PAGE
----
Jugs of Pee
Where's a 2-story outhouse when you need it?
Jugs of Pee appear to be a national epidemic, although reports continue to emanate chiefly from the West. The littering of highways with urine-filled plastic bottles is traditionally linked to weak bladdered long-haul rig drivers, despite official denials by trucker trade associations.
Now authorities suspect a crossover into the general driving population, judging by the amount of bottles surprising road crews. Crews in southeastern Washington state reported over 1,000 bottles in a one month period for a 100 mile section of highway.
The bottles are predominantly plastic beverage containers from convenience stores -- milk, juice, etc. Capped and thrown from a moving vehicle, some retain their seal. In the summer heat, urine bottles build up pressure and when nudged by a clean-up crew may explode, or be spun into the air by lawnmower blades.
In recent years, states have added laws to the books to punish pee tossers. In 1999, North Dakota opted not to post urine bottle fine signs on all its highways -- the state legislature decided it would hurt an already poor state image.
Truck drivers officially condemn the practice, and feel they have been unfairly stained with accusations and innuendo. But then there's the case of the big rig driver found dead in a one-vehicle accident in Utah, his pants down around his knees and an open plastic bottle of urine on the cab floor....
California had insisted in the past that it didn't have much of a problem, citing plentiful fast food restrooms as deterrents. Yet one Adopt-a-Highway Safety Bulletin from that state addresses Urine Bottle handling for clean-up volunteers, noting "report the urine to Caltrans... Sometimes people use unclosed, recyclable containers for urine disposal. If your group takes home recyclable items for redemption, please use caution. Resist the temptation to empty containers of unknown liquids." Other state Adopt-a-Highway programs in the west caution volunteers to leave the urine-filled bottles for the pros.
A Trucker's Perspective
Bob Bobber writes:
Most drivers out there pee whenever, and wherever, like a bunch of animals. Even when parked for the night at a truckstop, many drivers just pee right on the pavement by their truck. If you don't believe this, walk across a truckstop when it starts to rain and note the smell, then go home and burn your shoes.
There is no excuse for that. Peeing in bottles is brought on by ridiculous schedules and nowhere to park something that big. It was not uncommon to go over 100 miles without finding anywhere to park a truck safely and legally. Most car drivers, if they have to pee, just take the next exit and hit a gas station -- no big deal.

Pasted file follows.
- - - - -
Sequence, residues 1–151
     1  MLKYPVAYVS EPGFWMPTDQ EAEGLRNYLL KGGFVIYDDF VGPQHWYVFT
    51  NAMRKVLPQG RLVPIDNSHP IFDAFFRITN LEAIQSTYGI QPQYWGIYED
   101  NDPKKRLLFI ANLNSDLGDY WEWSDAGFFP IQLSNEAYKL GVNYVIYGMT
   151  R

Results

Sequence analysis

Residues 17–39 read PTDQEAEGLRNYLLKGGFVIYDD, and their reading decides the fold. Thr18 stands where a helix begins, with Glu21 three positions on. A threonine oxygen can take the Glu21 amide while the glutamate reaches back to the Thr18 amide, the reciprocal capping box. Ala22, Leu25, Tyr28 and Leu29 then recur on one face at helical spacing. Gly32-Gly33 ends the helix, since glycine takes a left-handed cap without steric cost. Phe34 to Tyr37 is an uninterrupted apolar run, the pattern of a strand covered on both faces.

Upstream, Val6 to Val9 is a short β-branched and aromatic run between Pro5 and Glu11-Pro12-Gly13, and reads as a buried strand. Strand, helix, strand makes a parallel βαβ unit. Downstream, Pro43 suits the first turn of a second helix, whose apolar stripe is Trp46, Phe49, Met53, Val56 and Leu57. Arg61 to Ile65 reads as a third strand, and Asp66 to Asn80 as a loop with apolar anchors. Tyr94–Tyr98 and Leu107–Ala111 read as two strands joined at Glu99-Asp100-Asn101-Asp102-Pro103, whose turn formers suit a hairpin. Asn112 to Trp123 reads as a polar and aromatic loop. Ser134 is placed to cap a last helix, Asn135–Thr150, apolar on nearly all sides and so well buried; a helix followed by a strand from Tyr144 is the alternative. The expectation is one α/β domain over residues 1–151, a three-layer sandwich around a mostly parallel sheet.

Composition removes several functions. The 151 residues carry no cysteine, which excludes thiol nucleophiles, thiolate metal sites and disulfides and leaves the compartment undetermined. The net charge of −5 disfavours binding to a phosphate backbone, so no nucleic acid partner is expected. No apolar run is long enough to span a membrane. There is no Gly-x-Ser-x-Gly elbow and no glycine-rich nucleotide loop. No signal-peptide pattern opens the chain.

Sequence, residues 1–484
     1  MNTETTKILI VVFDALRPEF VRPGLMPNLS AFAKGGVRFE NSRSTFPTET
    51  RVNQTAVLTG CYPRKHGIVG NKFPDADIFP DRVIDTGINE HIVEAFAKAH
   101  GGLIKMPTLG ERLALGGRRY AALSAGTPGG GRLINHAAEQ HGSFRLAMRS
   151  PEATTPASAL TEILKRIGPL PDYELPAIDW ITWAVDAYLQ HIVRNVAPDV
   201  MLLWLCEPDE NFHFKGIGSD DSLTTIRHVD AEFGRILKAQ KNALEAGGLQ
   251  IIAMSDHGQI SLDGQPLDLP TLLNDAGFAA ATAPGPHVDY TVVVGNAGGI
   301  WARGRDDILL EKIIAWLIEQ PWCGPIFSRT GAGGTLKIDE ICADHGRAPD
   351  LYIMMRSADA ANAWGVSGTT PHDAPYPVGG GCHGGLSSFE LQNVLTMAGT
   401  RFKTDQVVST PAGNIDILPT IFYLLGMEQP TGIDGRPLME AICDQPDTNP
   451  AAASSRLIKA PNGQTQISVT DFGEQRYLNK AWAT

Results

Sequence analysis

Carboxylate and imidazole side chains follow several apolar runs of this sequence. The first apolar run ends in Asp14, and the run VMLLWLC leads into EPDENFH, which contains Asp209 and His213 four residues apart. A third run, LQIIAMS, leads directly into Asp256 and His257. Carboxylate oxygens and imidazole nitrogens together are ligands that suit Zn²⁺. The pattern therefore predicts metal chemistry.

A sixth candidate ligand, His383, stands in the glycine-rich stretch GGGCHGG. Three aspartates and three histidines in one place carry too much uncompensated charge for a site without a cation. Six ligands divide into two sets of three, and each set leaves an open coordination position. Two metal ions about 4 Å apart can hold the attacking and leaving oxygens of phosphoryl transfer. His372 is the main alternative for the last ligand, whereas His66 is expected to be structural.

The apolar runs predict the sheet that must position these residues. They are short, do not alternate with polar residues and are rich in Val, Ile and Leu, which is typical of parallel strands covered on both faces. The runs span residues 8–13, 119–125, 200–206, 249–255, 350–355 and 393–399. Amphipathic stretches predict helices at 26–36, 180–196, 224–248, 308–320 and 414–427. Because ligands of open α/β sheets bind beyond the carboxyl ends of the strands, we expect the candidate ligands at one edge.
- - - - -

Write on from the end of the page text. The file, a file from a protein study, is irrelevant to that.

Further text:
Trucks can't just take any exit, there are weight and height laws, the possibility of not being able to get turned around again, and many more problems. So, we have to take what we get. I challenge any driver out there to hold it 100 miles. It can't be done.
I am not ashamed to say I used pee bottles regularly when I ran time-sensitive
air freight, but in a responsible way. Most truckstops have
shower rooms that are very nice and private like a hotel, and
you can use them if you fuel there. So I would put my bottle(s) in
bag and dump them down the toilet, and throw the bottles
away. Big deal
Truckers are just lazy when they throw them out on the road like that, and it just perpetuates the public's horrible image of the disgusting pigs many drivers are.
For the few who are clean and responsible, kudos! For the 85% that are slobs,
As despicable as the Jugs of Pee issue is, it fades to a pale yellow when compared to the little reported Bags o' BM problem. Crews are stumbling upon plastic bags containing human feces.
We don't get how this even works.
With Jugs of Pee, drivers don't have to slow down to commit the crime. How are drivers managing this BM feat? The ratio appears to be roughly 20:1 -- for every 1,000 bottles of urine there are about 50 bags of feces.
We found info on Jugs of Pee in news accounts, but activity reported east of the Mississippi is oddly absent. We're asking roadtrippers this summer to keep one eye on the shoulder and tell us what you're seeing, and who's peeing.
OUR OFFICIAL POSITION:
Roadsideamerica.com condemns the practice of peeing into a bottle or crapping into a bag and tossing on a US highway. You animals.
September 2008: A new flap of urine-filled bottles erupted in Oregon along I-84. The media seems to want to tie it to this year's elevated gas prices, which apparently puts more pressure on the bladders of long-haul truckers to stay on the road and pee in plastic bottles.
August 2006: Officials increasingly refer to pee bottles as "Trucker Bombs."
The Utah Department of Transportation reports that their maintenance crews pick up 20,000 urine bottles a year. Zip-Lock Bags are also carrying unwanted payloads.
March 2004: Western states clamp down! Effective July 1, 2004, the state of Wyoming will charge apprehended pee bottlers and crap baggers with a misdemeanor, subject to $1,000 maximum fine and possibly even time in a jail cell. Montana passed similar legislation in 2003.
July 2003: Washington state launched an agressive public awareness campaign to combat the proliferation of Jugs of Pee on its highways. One poster depicts a gallon milk jug, partly filled with an amber liquid, above the text: "Okay, one last time: This is not a urinal." While well-intentioned, we fear this may act as a "how-to" guide to copycat jug pissers.